What Belvoir does
Founded in 1995, the firm currently has over 300 offices managing around 67,000 properties.
The company also operates a financial services arm which provides its customers with mortgages and other property-related financial services products.
How it is doing
Belvoir Group profits in 2019 will be ‘comfortably ahead’ of expectations, the group said in January, after revenues surged ahead in spite of the impact of Brexit and the tenant fee ban.
Revenue at the lettings agency jumped by 43% to £19.5m with the property division achieving 6% growth.
Income from franchisees increased by 4% to £8.8mln (2018: £8.5mln), while at the year-end Belvoir’s portfolio of managed properties had risen by 7% to a new record of 67,000.
In a trading update in May, the company said its franchise networks has proved resilient during the UK’s coronavirus lock-down.
Trading during the first quarter, which incorporated just one week of the lock-down period, was strong and in line with management expectations.
Things got a bit trickier in April but at the end of the month the group carried out a rent arrears survey and the situation was not as bad as the board had feared. Less than 5% of tenants were in arrears on their rent compared with the usual 2% experienced by Belvoir’s networks.
During the month, the estate agency arm of the business completed on around a third of its usual transaction levels, drawing from the pipeline of house sales agreed prior to the lock-down.
The financial services division demonstrated similar resilience amongst the group’s financial advisers, who have drawn on their extensive client base for remortgages and income and life protection sales to deliver income levels in April on a par with 2019. As a result, the overall April performance for the group was significantly stronger than had been anticipated.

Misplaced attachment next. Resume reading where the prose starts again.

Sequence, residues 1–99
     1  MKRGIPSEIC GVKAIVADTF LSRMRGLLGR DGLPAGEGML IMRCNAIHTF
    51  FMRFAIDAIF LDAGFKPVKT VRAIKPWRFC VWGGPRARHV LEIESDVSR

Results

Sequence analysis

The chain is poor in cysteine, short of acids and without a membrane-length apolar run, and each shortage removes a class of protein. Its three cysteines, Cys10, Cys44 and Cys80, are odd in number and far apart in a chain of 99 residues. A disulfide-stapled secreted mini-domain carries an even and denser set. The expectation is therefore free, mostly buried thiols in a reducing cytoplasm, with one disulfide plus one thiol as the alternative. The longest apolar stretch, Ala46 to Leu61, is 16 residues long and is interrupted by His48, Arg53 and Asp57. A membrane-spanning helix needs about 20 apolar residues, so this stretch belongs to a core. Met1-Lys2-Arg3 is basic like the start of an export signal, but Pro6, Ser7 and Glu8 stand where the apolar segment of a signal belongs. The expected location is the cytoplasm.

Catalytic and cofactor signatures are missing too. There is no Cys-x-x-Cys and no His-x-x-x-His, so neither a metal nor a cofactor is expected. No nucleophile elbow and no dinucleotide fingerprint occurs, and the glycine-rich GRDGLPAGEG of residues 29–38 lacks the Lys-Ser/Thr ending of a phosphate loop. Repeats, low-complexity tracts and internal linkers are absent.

On May 13, restrictions on the housing sector were lifted and so the group’s franchisees were able to resume operating from their offices and to carry out physical appraisals and viewings.
Feedback also suggested that the pipeline of agreed house sales has held up well and that there is a pent-up demand from tenants looking to move.
The group said it has been able to continue to generate cash from operations with net debt at May 20, 2020, standing at £6.9mln, unchanged from the position at the end of 2019, despite the company deploying £2.0mln of cash in January to acquire the Lovelle network and making a deferred payment of £500,000 relating to value-added tax.
What the boss says: Dorian Gonsalves, chief executive
“Having reported significant growth in 2019 and got off to a good start in Q1 2020, it has been hugely frustrating for the group not to have been able to build further on this momentum due to COVID-19; however, the current climate has proved once again just how robust and resilient our franchise business model is.”
“Clearly time will tell as to the lasting impact of the current environment on the wider economy and on the UK housing sector more specifically; however, as a group, Belvoir benefits from a high degree of recurring revenue with 61% of gross profit derived from lettings and just 16% dependent on estate agency. Meanwhile, our financial services division has a substantial client base to which we sell a wide variety of financial products, with no excessive dependency on new mortgage sales alone.”
- Recent strategic alliance with Nottingham Building Society
- Profits and revenues to grow for 23rd consecutive year
- Tenant fee ban impact less than expected
- Has financial strength to weather coronavirus crisis says CEO
- Housing market reopened earlier than expected
- Expects swift recovery in letting market